If your loved one is bedridden and unable to get up or move themselves, then you might believe that bedsores are just a common side effect. However, bedsores can be a huge sign of neglect that often goes unnoticed. When your loved one is in a nursing home, you want to assume they’re being cared for and taken care of. However, residents are sometimes neglected in nursing homes, leading to long-term health problems and exacerbating existing problems.
What are bedsores?
Bed sores are skin ulcers that begin to pop up when a part of the body is put under immense pressure over a long period of time. This constant pressure restricts blood flow, which causes damage to the tissue and nerve endings.
Nursing home bedsores can be reversed and prevented. But when the pressure isn’t alleviated, the tissue in that part of the body is essentially slowly being killed off. From there, the bed sore might become bruised, become tender to the touch or even grow into an open wound.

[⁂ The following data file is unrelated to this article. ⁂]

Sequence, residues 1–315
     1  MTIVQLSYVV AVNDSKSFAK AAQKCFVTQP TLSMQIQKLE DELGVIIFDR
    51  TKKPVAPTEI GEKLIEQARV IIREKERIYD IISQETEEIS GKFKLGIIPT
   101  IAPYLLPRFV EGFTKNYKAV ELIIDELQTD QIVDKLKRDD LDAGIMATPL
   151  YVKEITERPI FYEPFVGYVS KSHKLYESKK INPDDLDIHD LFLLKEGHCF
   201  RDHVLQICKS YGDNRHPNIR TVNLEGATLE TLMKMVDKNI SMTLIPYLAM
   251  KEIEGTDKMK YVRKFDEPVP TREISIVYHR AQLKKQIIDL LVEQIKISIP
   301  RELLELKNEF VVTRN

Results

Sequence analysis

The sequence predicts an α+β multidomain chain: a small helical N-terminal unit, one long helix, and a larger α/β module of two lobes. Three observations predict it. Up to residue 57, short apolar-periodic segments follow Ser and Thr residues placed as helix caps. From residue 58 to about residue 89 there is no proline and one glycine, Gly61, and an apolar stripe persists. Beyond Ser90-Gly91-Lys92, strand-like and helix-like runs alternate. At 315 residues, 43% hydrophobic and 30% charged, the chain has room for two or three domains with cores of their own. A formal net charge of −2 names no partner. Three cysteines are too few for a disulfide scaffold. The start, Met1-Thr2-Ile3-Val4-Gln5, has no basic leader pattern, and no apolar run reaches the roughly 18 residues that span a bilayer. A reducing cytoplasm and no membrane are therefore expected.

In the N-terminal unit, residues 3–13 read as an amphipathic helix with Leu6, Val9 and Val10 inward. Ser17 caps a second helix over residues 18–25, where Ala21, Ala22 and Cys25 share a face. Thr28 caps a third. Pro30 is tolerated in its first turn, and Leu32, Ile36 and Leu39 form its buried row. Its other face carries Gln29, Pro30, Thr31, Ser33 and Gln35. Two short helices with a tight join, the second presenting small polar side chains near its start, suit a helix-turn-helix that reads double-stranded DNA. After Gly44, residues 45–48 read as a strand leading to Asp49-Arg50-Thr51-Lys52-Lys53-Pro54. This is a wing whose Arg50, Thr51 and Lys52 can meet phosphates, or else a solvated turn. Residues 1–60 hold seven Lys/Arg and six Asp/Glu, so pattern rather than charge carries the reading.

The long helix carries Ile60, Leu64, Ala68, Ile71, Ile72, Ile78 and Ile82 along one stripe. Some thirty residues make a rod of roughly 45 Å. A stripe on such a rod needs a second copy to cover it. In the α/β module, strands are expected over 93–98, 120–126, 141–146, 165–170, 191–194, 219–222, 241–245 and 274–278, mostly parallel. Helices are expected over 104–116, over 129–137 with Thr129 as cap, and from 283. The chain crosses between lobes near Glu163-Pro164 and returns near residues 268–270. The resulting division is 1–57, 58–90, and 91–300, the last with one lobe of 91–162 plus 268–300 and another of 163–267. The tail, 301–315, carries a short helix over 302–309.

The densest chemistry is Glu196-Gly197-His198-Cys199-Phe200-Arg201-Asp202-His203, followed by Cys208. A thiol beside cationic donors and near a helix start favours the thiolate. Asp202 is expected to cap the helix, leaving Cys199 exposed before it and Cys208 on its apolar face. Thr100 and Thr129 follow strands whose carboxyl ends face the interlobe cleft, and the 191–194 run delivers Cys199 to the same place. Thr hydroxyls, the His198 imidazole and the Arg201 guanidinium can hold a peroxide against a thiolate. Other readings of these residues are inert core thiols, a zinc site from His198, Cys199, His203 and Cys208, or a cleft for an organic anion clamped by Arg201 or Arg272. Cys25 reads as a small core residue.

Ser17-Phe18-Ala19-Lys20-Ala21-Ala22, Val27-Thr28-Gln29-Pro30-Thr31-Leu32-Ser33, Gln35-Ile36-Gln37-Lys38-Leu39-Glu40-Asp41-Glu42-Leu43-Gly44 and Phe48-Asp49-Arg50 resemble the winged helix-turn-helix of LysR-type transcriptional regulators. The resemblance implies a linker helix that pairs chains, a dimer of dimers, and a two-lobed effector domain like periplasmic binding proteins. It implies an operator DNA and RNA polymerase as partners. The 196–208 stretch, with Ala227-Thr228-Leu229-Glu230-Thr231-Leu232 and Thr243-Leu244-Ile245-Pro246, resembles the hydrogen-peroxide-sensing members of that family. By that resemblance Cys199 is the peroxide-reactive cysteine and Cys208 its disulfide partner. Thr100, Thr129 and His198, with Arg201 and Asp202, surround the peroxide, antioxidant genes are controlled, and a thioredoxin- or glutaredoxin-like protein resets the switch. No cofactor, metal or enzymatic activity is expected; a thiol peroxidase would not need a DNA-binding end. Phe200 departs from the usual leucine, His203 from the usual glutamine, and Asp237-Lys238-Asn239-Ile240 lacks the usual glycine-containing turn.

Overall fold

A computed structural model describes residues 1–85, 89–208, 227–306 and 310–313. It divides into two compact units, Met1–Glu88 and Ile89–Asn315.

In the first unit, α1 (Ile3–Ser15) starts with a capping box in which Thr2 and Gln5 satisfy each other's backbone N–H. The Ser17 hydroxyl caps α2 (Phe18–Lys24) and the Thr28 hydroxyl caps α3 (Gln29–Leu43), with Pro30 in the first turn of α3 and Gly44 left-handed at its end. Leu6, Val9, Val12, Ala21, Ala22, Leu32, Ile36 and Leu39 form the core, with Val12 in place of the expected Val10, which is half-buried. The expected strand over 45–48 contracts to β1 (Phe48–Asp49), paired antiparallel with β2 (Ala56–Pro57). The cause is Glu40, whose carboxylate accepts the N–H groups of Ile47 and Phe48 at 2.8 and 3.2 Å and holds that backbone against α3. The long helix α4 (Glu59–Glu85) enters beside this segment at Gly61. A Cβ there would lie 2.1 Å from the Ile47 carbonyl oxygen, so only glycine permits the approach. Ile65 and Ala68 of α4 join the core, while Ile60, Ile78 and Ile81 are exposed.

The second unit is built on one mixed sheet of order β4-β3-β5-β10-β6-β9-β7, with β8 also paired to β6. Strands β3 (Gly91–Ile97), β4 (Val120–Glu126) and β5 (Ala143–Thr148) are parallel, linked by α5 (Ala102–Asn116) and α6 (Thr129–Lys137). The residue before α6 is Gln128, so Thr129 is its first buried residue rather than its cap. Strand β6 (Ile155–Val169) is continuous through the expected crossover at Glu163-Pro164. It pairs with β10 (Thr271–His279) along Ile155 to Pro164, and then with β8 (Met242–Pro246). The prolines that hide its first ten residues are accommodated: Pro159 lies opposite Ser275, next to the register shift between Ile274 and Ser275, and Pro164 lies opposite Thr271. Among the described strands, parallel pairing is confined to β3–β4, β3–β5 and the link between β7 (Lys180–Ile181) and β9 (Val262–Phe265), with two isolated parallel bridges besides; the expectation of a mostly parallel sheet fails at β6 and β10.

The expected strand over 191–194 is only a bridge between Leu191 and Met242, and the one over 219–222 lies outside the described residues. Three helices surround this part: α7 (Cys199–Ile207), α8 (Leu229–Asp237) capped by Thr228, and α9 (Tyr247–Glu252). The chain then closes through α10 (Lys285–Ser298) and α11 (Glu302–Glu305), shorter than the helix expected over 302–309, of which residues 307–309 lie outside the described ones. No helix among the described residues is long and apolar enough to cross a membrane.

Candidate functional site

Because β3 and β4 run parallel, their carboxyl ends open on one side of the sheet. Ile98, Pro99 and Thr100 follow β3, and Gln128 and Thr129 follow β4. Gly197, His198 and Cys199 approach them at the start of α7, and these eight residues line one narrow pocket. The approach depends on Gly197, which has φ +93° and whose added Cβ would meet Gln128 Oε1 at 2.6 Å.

Who is at risk for bedsores?
Patients who are bedridden with limited mobility might develop bedsores on the underside of their legs or on their back. While bedsores are common for people who have limited mobility, they can and should be prevented.
If a patient is regularly being lifted off the bed for baths and physical exercise, the likelihood of bedsores forming can be reduced. A nursing home that is giving adequate care to patients will notice bedsores at the beginning stages and prevent it from getting worse.
However, if you notice that your loved one has severe bedsores, that could be a sign of neglect. It may be wise to reach out to a lawyer to discuss your options.